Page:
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The Bureau of Communications Research (BCR), a unit established last year in the Department of Communications and the Arts, was asked by the Government to consider the funding of the National Broadband Network (NBN) to regional Australia. The initial policy arrangement saw nbn funding the services, covering any losses internally from other areas of the network. The Government policy now is to distribute the cost further than the nbn network.

The BCR has produced a consultation paper presenting their preliminary findings. Below is a summary of these findings.

  • Services included as non-commercial – the BCR is recommending that the fixed wireless and satellite services are considered, as at an aggregate level these technologies are not capable of recovering their costs over time.
  • The accounting framework and methodology that should be used to assess the losses - the BCR modelled the loss using a discounted cash flow and an avoidable cost approach, which results in a loss of approximately $9 billion.
  • The guiding principles to designing funding options - the BCR is recommending the principles of transparency, contestability, sustainability, economic efficiency, equity and competitive neutrality.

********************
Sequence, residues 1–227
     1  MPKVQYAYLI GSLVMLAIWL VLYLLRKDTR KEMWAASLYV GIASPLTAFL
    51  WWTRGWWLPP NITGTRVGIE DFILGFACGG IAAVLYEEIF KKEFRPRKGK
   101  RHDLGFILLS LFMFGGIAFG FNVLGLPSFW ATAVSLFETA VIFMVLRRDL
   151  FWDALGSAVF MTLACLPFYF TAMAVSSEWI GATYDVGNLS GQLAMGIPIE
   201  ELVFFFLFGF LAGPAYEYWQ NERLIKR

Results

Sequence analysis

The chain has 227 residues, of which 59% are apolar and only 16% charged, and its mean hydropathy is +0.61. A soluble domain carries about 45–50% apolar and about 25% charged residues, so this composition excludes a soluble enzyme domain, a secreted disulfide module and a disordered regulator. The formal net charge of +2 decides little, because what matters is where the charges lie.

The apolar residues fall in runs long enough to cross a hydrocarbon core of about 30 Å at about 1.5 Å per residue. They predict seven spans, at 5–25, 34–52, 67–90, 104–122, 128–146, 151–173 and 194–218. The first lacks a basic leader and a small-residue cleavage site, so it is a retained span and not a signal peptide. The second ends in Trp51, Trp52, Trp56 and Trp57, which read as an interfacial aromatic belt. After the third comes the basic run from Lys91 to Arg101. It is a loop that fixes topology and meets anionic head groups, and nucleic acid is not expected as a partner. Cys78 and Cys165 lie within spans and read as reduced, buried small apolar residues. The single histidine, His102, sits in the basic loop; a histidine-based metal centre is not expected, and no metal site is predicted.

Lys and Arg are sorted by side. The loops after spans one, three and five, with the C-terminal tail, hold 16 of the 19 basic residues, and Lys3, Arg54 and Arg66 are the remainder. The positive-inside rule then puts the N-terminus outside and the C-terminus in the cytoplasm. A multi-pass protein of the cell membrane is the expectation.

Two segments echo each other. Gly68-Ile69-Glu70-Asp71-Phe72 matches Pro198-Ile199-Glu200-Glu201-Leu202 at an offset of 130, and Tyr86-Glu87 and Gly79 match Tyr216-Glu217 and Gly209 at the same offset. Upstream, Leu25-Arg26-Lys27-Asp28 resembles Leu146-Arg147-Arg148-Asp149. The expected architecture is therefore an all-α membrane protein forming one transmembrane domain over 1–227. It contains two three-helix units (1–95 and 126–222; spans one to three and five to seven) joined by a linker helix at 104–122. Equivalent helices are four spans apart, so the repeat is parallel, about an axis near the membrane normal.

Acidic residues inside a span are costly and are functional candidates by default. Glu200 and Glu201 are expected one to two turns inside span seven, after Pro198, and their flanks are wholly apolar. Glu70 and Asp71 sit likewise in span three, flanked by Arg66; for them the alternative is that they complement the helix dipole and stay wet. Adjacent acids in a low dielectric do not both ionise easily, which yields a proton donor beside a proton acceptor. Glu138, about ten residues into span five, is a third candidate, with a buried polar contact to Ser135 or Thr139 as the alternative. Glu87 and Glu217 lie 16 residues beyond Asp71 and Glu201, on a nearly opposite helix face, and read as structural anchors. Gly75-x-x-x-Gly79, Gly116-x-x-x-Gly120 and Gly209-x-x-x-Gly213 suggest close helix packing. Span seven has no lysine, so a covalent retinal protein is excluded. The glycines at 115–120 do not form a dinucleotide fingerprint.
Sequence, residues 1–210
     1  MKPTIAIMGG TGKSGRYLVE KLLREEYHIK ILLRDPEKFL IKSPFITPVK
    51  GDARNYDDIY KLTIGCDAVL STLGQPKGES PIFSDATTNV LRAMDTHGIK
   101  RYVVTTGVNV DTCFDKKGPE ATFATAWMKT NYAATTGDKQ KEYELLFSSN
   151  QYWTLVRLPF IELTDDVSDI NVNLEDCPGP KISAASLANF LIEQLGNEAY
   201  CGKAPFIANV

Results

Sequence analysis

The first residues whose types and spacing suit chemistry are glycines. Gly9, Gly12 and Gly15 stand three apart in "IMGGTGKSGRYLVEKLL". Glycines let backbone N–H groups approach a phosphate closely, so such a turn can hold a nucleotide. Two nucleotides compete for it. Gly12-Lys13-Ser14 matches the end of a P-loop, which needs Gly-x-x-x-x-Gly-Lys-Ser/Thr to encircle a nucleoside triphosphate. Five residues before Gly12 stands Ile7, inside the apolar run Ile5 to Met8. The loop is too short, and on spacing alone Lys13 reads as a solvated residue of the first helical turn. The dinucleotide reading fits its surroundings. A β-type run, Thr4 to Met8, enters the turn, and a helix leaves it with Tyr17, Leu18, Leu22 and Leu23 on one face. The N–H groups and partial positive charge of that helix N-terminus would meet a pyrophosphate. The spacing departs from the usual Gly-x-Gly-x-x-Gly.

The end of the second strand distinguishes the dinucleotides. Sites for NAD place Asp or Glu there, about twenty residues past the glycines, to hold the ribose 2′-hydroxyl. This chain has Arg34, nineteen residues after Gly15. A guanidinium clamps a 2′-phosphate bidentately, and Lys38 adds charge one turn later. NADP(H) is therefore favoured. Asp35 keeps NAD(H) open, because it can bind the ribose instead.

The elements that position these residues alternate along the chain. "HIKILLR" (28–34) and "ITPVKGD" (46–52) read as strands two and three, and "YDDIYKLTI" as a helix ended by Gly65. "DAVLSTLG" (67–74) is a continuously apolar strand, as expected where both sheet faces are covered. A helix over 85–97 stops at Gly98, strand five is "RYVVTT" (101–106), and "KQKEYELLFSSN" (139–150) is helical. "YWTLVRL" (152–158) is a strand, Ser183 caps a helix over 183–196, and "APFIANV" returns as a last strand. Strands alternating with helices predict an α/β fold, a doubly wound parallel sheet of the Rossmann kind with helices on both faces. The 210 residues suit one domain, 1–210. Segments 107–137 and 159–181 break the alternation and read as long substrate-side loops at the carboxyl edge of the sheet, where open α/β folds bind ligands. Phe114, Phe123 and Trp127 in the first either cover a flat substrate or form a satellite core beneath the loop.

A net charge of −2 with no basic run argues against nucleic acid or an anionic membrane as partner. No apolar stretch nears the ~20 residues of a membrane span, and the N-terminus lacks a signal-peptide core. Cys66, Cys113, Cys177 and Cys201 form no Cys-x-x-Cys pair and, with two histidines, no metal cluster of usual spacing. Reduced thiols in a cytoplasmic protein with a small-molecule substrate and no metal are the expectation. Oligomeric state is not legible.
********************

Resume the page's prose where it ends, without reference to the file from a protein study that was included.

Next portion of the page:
• Funding options – the BCR is recommending that nbn and equivalent networks (e.g. OptiComm and TPG) in the fixed footprint should be required to fund these services. Networks which are transitioning to the nbn under the Definitive Agreements (i.e. Telstra and Optus) should be excluded.
  • Contributions and implications – the BCR has estimated that this amounts to a $6.75 monthly contribution per fixed line from nbn and equivalent networks. This is estimated to result in no change, or a slight decrease, in the wholesale price charged by nbn. For equivalent networks, it is estimated that it may result in a maximum increase of 22 per cent in wholesale prices, if passed on in full.
  • The implementation and administration arrangements – the BCR has recommended that the ACCC, Department of Communications and the Arts or the BCR should calculate the funding requirements and the ACMA should collect and distribute the funds. The funding arrangement should be reviewed every five to ten years.

The document also presents some of the discussion around technology limitations and substitutions (such as mobile and low earth satellites) and related policy considerations such as the Universal Services Obligation (USO).

The consultation is highly technical in terms of economic and financial accounting models. ACCAN submitted to the first consultation process and may also submit to this round. In our submission we commented on some of the financial accounting arrangements. However, ultimately our concern lies in the mechanism chosen: that it meets the principles; that it ultimately does not impede the delivery of services in regional Australia; and causes minimal disruption to competition and affordability of services in all areas.

Interested parties are invited by the BCR to comment by 3 November, 2015.

Download: docxBCR consultation on regional NBN funding.docx19.51 KB

Download: pdfBCR consultation on regional NBN funding.pdf331.31 KB